Palm oil companies behind Singapore smog, says Greenpeace

Palm oil companies behind Singapore smog, says Greenpeace

JAKARTA - Fires on Indonesia's Sumatra, which have cloaked Singapore in record-breaking smog, are raging on palm oil plantations owned by Indonesian, Malaysian and Singaporean companies, environmental activist group Greenpeace International said Saturday.

"Nasa hotspot data in Sumatra over the past 10 days (June 11-21) has revealed hundreds of fire hotspots in palm oil concessions that are owned by Indonesian, Malaysian and Singaporean companies," the group said in a statement received by AFP.

"Fires across Sumatra are wreaking havoc for millions of people in the region and destroying the climate. Palm oil producers must immediately deploy fire crews to extinguish these fires. But really cleaning up their act starts with adopting a zero deforestation policy," said Bustar Maitar, head of Greenpeace Indonesia's forest campaign.

The Indonesian environment minister Balthasar Kambuaya said on Friday that a team has investigated eight companies suspected to be behind the fires and promised to reveal the companies' names after the probe.

A senior presidential aide Kuntoro Mangkusubroto said Friday that the fires happened in concession areas belonging to Asia Pulp & Paper (APP) and Asia Pacific Resources International (APRIL).

"It is very clear that the fires are in APP concessions and APRIL. We need to settle this matter," he told reporters while showing the distribution of fires from 1 to 18 June in concession areas in Riau.

APP, the world's third-largest paper producer said in a statement late on Friday that "ground verification" detected "only 7 points that are actually forest fire, affecting around 200 hectares of land".

"They are under and being controlled by approximately a thousand fire fighting crews and their team. Our team's preliminary investigation found that 5 of the fires were set by the community to clear land for crops and 2 cases are still under investigation," APP added.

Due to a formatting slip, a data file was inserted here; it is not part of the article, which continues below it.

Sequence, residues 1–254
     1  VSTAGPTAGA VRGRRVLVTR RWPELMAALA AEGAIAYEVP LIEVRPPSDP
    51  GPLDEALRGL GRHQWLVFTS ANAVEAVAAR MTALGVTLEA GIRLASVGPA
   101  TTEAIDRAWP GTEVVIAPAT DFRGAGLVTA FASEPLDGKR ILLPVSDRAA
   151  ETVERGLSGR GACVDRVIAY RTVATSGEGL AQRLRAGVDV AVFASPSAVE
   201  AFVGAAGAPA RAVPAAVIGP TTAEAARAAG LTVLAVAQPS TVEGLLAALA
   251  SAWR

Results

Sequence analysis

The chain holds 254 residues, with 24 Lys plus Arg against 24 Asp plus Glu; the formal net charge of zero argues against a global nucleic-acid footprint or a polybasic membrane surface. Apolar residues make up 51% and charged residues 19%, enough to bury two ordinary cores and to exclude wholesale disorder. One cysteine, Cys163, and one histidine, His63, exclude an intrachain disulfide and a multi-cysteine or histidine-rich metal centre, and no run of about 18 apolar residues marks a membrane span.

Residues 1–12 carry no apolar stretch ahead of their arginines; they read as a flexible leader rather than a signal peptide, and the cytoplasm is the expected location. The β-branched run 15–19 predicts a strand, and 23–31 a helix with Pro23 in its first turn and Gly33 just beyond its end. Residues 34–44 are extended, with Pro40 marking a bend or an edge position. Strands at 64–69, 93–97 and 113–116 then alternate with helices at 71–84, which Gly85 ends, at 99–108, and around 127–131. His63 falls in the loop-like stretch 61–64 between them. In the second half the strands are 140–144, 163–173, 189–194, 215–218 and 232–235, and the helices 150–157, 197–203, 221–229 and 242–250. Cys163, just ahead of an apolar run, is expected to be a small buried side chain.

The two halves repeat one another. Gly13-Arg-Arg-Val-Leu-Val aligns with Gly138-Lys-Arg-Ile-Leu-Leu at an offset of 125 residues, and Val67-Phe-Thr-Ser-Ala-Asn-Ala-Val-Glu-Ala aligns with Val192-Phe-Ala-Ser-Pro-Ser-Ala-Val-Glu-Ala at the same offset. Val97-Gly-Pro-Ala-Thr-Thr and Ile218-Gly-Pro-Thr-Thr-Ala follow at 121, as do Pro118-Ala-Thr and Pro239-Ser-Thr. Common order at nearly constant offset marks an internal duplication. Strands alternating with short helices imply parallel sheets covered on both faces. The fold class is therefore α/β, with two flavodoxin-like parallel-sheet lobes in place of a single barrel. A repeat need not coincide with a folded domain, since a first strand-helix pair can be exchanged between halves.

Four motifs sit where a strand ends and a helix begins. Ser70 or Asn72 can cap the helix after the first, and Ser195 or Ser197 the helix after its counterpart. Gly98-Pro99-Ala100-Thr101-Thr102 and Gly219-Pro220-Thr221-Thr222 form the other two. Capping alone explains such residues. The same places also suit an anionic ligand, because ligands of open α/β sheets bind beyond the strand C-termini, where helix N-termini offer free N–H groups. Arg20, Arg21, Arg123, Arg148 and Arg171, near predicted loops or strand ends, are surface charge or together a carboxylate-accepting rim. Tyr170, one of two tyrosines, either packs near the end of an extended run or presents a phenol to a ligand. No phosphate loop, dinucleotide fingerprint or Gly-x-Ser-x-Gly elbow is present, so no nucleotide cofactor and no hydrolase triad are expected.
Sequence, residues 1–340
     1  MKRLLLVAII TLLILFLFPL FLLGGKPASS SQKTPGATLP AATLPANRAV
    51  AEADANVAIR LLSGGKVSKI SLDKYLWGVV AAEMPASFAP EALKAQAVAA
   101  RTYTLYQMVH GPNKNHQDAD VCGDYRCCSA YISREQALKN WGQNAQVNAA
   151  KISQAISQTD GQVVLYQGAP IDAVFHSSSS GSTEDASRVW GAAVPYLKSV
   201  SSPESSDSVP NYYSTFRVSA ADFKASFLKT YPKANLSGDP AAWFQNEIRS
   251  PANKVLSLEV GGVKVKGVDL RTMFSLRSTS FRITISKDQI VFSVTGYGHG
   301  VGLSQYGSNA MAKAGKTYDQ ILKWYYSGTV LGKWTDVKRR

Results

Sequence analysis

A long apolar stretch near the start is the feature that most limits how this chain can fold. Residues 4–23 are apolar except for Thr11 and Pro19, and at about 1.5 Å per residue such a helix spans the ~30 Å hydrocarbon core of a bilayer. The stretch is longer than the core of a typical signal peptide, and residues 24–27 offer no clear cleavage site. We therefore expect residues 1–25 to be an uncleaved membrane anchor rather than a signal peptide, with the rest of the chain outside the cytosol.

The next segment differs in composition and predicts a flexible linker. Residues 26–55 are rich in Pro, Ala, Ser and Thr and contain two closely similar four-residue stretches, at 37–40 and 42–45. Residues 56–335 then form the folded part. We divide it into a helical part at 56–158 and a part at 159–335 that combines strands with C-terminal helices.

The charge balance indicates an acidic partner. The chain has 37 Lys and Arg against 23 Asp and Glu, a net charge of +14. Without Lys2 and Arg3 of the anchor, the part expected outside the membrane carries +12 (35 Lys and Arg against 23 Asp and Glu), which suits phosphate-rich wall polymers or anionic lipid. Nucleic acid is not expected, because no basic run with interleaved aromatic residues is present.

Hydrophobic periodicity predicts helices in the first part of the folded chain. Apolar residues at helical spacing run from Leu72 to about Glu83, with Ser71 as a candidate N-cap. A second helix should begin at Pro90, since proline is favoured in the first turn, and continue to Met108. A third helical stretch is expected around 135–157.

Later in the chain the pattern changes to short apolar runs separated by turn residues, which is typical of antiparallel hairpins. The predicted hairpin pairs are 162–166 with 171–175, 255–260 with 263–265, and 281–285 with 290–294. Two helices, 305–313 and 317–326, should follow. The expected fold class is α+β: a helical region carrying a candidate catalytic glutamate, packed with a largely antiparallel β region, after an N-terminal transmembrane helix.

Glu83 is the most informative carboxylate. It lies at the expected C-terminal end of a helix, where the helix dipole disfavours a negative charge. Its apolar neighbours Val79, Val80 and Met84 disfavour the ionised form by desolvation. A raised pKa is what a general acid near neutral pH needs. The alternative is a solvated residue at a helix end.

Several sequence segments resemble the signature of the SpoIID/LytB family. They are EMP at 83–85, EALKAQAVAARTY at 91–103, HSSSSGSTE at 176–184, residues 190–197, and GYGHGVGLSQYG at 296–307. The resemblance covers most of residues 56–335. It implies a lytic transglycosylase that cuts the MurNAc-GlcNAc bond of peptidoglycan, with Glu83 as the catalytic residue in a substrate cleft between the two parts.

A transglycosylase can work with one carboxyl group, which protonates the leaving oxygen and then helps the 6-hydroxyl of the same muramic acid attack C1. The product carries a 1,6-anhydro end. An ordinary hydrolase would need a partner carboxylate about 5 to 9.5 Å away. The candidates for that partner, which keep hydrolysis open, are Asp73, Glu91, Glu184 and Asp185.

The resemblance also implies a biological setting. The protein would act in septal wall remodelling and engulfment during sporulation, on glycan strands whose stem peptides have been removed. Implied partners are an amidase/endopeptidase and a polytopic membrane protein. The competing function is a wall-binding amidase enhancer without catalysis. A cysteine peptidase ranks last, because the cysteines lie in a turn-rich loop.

APRIL said in a statement on Saturday morning: "They do not correspond with intensive monitoring on-the-ground conducted by APRIL in its own concessions over the past several weeks nor with information on Friday from Indonesia's official national body for Meteorology, Climate and Geophysics."

It added: "While there have been a small number of fires within APRIL's concessions over the past three weeks, all of those fires were spread from fires that began outside our concessions and all were quickly extinguished by our fire fighting teams."

Indonesia stepped up its fire-fighting efforts Friday by deploying aircraft to artificially create rain and to water bomb the blaze.

The haze crisis has caused a dramatic escalation in tensions between tiny Singapore and its vast neighbour, with the city-state repeatedly demanding that Jakarta steps up its efforts to put out the fires.

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